Airliner cabin pressurization q

I am a small plane pilot and aerospace engineer, but have no experience with cabin pressurization systems. Something happened yesterday on an airline flight that I want to ask about.

We were boarding a Canadair Regional Jet that was sitting in the hot sun. The cabin was uncomfortably warm, and the crew explained that the auxillary power unit (APU) was not working, and it would cool down once the engines were started. The flight attendant tried to joke about it, but I was not amused (I’m sweating in your hot broken airplane, and you want me to laugh about it?).

I noticed some warm air circulating thru the vents. After the cabin door was closed, I noticed the cabin pressure went thru some unususal swings. Normally, I never even notice air pressure changes in an airline flight unless I have a cold or something, but these swings in air pressure were large enough to make me stop reading and clear my head.

So- 1st question - with no APU or engine power, how is the air being moved in the cabin? I mean the warm air in the vents, and the air needed for cabin pressure? Were we getting compressed air from some ground source? Or is there some way to use electrical ground power to move this air? I would not have thought you could pressurize the cabin without at least APU power.

It gets more interesting - as we sat for awhile, it became apparent we weren’t going to start engines very soon. The flight attendant passed out water and made more jokes. Then the cockpit crew summoned her, so I started watching. After they talked to her, she moved to the door (to the outside) and started to open it. I thought whoa- I hope she knows what she’s doing.


As she opened the door, a loud bang went thru the aircraft, as the cabin pressure and the outside were clearly not equal. I saw her hair and clothing take a jump, and I felt the surge of air as it moved thru the cabin. Almost everybody on the plane reacted, some people dropping what they were reading. She tried to make more jokes - “you really got my heart going this morning!” and such. I don’t think I would have been amused in the least. I did not see the door, but I have to believe that if she got a finger or her head near the door when it moved, she could have been seriously hurt.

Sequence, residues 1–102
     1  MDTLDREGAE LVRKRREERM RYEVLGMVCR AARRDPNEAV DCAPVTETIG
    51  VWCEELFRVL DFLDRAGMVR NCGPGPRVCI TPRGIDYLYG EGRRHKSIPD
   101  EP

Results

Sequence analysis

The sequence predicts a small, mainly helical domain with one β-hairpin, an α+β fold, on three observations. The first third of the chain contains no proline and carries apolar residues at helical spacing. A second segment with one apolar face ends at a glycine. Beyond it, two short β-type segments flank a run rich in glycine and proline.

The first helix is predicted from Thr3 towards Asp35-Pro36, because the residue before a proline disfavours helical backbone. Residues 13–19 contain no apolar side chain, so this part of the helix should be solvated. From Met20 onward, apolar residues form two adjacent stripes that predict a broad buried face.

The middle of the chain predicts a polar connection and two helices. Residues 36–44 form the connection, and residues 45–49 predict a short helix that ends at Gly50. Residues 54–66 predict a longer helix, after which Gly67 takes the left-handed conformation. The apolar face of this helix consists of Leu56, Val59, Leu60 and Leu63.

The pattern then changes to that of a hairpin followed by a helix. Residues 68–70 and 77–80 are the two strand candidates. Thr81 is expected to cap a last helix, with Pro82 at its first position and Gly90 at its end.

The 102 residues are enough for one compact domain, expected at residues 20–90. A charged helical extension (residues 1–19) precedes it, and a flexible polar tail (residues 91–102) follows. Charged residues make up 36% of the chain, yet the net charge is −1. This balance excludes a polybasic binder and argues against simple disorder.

2nd Q - Why would they be fiddling with the cabin pressure at this point in the flight anyway? Am I wrong to think that somebody up front screwed up in asking her to open the door without equalizing the pressure? Let me be clear, I saw her talking to the crew just before opening the door - so I know she wasn’t doing it on her own.

I did not hear any explanation or apology from the flight crew after this, which really suprised me. One of the pilots got out of the aircraft, and talked about something with a ground guy, then got back in. Any inexperienced travelers could have been seriously frightened and alarmed by the situation.

Pilot dopers - any explanations?

Fans were probably running off battery power with no engine or APU running.

The pressure differential probably came from the sun heating the plane and the air in it. I’m surprised she was able to open the door at all, aren’t they designed not to open with a pressure differential?

On a side note I flew on a 757 thursday and had nearly finished a bottle of water before they started descent. I went to take a drink when we were near the ground and the cabin pressure change had crushed the bottle to about 2/3 of its full volume.

You can certainly move air about in the cabin by using electrically driven aircraft fans, however that’s all it would be, just moving existing cabin air.This should not pressurise the cabin.
It would also be possible to have conditioned air (at least on all the aircraft I’ve worked on) from an external source which would plug directly into the airconditioning system and would then be controlled and distributed by the aircraft system. I don’t think that was happening to you though as you say the air wasn’t conditioned.
Normally you are correct when you say the APU/ or engines would be required for pressurisation (although in the past I have seen maintenance pressurisation checks carried out on an aircraft with no one on board and using external test equipment to supply the air).

It sounds as though the crew had an air pressure problem, but one thing is for sure it was dangerous to ask one of the cabin staff to open a door without first making sure the air pressure inside the aircraft and out were equalised. In my experience the crew would not only check their instruments but actually open the DV window (if there is one fitted, which has always been the case on the aircraft I’ve worked on) to confirm the pressures were equal.
It’s only a small consolation, but there couldn’t have been much of a pressure differential otherwise the crew member would have been unable to open the door.